Sex and the single Christian

November 7, 2014

The headline in the Chicago Tribune read: “‘Stun­ning change’ say local Catholics.” Pope Francis had convened an international assembly of Roman Catholic bishops and, in a preliminary report from the assembly, was calling for the church to welcome and accept gay people, unmarried couples, and those who have divorced. This marks a new, softer tone in the church’s traditional positions on sexual issues.

As expected, conservative bishops are suggesting that the report should be shredded. Along with some fellow Catholics, they insist on the importance of maintaining traditional church standards in the face of growing secularism and moral relativism. But many other faithful Catholics are embarrassed by the fact that the church’s traditional positions are increasingly removed from the way human beings actually behave.

Local Protestant and Catholic pastors have long been on the front lines of the conflict. After all, it’s in the privacy of the pastor’s study that the gap between what the church says and the way people live becomes apparent.

When I talked with couples who were planning their weddings, I’d ask each person for his or her address. I soon realized that often the couple shared an address. According to most Protestant denominations they were living in sin. Should I have terminated those interviews and lectured the couple on traditional church values and practice? I never did. Part of the reason is that I’d learned firsthand from my children that they were living in a world vastly different from the one I’d known as a young man. Many of us pastors, on learning that a couple shared an address, continued the conversation. By the end of my pastoral ministry, this situation had become the norm.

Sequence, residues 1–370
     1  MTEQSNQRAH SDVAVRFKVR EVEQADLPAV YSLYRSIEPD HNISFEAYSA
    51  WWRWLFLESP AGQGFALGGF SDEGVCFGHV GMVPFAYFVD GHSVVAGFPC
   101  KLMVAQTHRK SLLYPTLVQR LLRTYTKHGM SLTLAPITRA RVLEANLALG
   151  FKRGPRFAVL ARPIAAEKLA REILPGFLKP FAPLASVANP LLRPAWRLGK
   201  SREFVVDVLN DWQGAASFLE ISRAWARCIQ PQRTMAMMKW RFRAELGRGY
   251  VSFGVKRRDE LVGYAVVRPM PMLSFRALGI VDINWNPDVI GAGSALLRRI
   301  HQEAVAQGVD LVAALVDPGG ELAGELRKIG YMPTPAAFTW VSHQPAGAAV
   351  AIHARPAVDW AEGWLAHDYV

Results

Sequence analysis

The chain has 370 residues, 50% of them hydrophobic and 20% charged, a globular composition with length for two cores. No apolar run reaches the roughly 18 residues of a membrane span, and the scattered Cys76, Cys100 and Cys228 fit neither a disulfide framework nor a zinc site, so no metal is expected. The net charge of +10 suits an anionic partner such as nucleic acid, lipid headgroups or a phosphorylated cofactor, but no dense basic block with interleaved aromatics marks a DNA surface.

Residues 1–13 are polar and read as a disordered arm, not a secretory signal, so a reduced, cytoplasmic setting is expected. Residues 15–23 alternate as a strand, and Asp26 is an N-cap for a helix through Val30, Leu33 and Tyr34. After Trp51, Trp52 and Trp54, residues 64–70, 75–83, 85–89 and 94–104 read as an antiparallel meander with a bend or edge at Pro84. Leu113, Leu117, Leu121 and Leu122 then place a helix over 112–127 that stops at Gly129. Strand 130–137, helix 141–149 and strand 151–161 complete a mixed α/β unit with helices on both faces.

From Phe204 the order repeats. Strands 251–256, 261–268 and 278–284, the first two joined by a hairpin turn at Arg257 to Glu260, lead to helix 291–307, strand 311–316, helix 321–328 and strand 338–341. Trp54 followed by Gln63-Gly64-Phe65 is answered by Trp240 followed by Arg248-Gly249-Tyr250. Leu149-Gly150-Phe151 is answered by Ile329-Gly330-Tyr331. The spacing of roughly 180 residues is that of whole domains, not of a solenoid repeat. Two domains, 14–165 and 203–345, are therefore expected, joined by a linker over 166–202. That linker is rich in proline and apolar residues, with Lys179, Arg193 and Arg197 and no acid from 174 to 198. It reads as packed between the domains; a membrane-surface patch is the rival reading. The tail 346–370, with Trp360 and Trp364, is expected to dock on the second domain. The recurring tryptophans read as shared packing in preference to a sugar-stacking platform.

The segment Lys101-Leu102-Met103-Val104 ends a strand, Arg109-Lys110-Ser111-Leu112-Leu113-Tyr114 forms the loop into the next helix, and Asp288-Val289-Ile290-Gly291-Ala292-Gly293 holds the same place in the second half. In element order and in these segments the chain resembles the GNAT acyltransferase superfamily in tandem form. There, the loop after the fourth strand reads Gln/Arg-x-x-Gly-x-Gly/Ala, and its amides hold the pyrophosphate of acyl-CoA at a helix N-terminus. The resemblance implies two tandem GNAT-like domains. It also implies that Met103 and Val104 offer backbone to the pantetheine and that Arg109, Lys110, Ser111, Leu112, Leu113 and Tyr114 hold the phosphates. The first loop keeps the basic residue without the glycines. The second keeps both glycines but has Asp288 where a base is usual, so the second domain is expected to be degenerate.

Pastors understand the tension between traditional values and reality. They understand that human beings have the capacity, need, and desire for fully expressed sexuality and that this comes long before marriage is possible or practical. As the average age for marriage rises, the tension becomes even more intense. For a cardiology resident and a fledgling attorney working 90-hour weeks, marriage doesn’t seem like a viable option. A pastor must decide whether to espouse traditional church doctrine or extend understanding of people’s life situations.

In American Grace: How Religion Divides and Unites Us, Robert Putnam and David Campbell say that one of the reasons young adults have fled the church is that they find its teaching about human sexuality judgmental, harsh, and exclusivist. I believe that we’re called to be less judgmentally certain and more understanding. On this issue, it’s time for the church to stop talking and proclaiming, and instead to listen for a while to the world and to the church’s people.


Sex and the Lonely Christian

I have a few suggested additions to the Reverend Buchanan's list, to broaden the scope of inclusion.
Given the tension between traditional values and reality, let's also listen to the married couples who must live apart for extended periods, such as those who travel for their work, or who are professional athletes and coaches, or who serve in the military. Let's listen to the teenagers who live under tremendous stress to build perfect resumes that gain them entrance into the colleges of their preference. Let's listen to the elderly whose spouses are incapacitated. Let's also listen to the pastors, teachers, and employers who find themselves attracted to parishioners, students, or employees. The new tradition of forbidding fully expressed sexuality between them on the basis of unequal power ignores the fact that power never is perfectly balanced, and such rules cannot fit all circumstances. And while we're at it, let's listen to the spouses of busy, over-stressed pastors who are emotionally distant, due to being overwhelmed by the demands of their work. Certainly we're called to be less judgmental, harsh, and exclusivist toward these people as well, or we might be hypocrites.